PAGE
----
After a lifetime in local education, Superintendent Mark Steele announced that he will be retiring from the Indian River School District, effective on Wednesday, July 1.
“I think I’ve reached a point where retirement is where I need to go,” Steele announced at the school board video conference meeting on June 22. “I couldn’t have worked for better people, and for 39 years this district has treated me great.”
A lifelong Dagsboro resident, he graduated from and returned to teach at Indian River High School for 10 years; became assistant principal for about eight years; and principal from 1999 to 2013.
Today, he feels the IRSD is on a solid path for the future.
“I don’t have any doubt in the strength of this school district with the people we have involved,” said Steele, complimenting the IRSD staff, administrators and officials. There have been heated discussions and long hours, he said, but IRSD “is a great district, people. We’ve managed to accomplish more things in the past 50 years [that] we’ve been in existence than any other district of this size.”
Steele came to Central Office as an assistant superintendent in mid-2013, and officially took the chief role in March of 2017 when his predecessor, Susan Bunting was appointed state secretary of education.
He often emphasized the importance of community involvement and would encourage the public to call him with questions.
His three years as superintendent have been marked by extraordinary circumstances, from funding challenges and rapid enrollment growth, to finally getting approval for two new school buildings, to a historic worldwide pandemic that had over 11,000 IR students finishing the 2019-2020 school year from home. (One of his final responsibilities last week was to certify IRSD graduates at seven commencement ceremonies.)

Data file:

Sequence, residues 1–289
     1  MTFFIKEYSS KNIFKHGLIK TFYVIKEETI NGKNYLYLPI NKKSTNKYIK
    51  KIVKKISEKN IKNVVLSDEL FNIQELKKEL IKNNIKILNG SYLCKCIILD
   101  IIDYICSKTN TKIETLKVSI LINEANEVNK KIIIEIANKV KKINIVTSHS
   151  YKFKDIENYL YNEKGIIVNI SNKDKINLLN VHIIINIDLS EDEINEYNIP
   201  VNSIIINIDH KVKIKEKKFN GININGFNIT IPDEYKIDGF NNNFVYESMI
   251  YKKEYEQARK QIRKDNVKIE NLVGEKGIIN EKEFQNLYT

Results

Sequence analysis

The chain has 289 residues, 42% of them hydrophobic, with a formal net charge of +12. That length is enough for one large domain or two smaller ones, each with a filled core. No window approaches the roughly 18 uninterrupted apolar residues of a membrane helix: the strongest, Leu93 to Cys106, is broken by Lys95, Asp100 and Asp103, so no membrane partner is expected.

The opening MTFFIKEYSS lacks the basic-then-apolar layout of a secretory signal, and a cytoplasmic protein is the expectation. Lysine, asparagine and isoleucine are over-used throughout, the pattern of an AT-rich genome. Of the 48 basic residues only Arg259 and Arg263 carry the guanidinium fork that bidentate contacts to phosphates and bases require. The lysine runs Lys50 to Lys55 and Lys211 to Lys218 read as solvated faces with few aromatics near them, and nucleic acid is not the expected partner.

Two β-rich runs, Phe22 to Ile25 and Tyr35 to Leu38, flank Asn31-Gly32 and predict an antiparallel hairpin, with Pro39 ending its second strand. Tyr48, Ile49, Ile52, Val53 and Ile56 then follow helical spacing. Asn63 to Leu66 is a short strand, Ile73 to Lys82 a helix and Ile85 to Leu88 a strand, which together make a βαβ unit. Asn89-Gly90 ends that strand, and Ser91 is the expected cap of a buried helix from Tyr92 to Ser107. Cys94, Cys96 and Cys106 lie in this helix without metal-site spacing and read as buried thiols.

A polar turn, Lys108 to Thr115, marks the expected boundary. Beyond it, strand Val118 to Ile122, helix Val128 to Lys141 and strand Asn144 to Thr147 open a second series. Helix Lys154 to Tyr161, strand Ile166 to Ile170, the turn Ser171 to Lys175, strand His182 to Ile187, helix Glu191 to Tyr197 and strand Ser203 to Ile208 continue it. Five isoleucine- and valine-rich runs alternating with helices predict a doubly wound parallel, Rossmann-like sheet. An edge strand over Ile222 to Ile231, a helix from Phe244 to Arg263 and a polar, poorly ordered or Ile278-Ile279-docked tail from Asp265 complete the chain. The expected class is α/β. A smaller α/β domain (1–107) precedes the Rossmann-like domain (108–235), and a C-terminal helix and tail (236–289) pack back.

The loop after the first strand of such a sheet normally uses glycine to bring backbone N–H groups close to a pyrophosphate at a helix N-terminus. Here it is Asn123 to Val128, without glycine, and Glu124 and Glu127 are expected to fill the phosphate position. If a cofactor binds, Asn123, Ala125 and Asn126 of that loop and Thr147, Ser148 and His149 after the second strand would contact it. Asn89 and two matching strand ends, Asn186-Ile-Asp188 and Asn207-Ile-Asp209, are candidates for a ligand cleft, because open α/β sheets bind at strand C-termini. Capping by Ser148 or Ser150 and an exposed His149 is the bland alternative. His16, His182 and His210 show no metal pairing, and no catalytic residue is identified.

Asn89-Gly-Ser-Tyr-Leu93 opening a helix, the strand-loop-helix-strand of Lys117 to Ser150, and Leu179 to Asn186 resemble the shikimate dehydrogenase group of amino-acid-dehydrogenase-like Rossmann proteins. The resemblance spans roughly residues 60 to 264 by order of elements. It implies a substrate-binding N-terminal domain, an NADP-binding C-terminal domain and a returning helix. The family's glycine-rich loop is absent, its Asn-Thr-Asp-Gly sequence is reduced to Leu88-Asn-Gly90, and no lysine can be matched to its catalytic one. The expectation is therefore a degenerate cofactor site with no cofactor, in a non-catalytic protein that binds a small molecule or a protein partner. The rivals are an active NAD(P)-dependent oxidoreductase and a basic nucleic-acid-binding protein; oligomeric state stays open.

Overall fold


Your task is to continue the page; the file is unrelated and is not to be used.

Steele has helped the district pass two types of public referendum votes, both for new building and for general revenue, although they sometimes took a few tries, which meant a high work load for administrators.
“There’s no one that we felt better to put ourselves behind with on the referendum … the positivity, being out there, being judged by the public, you’ve done an outstanding job,” said Rodney Layfield, vice president of IRSD Board of Education. “Words cannot express my true feelings for you as a leader.”
Steele had been mulling retirement for several years and has finally landed on this moment.
“It is a pleasure to work with every single one of you,” Steele concluded. “You’re great people. I just think it’s time to make the decision — I need to do something for me.”
Steele has been IRSD’s sixth superintendent since the district formed in 1969.